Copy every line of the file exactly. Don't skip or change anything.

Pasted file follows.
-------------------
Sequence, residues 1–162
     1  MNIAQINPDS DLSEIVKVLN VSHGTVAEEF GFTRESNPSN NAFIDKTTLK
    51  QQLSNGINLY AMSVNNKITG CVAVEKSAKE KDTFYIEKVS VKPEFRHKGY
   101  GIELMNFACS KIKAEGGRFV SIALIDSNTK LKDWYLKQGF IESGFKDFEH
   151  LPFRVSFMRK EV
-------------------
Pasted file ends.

Sequence, residues 1–162
     1  MNIAQINPDS DLSEIVKVLN VSHGTVAEEF GFTRESNPSN NAFIDKTTLK
    51  QQLSNGINLY AMSVNNKITG CVAVEKSAKE KDTFYIEKVS VKPEFRHKGY
   101  GIELMNFACS KIKAEGGRFV SIALIDSNTK LKDWYLKQGF IESGFKDFEH
   151  LPFRVSFMRK EV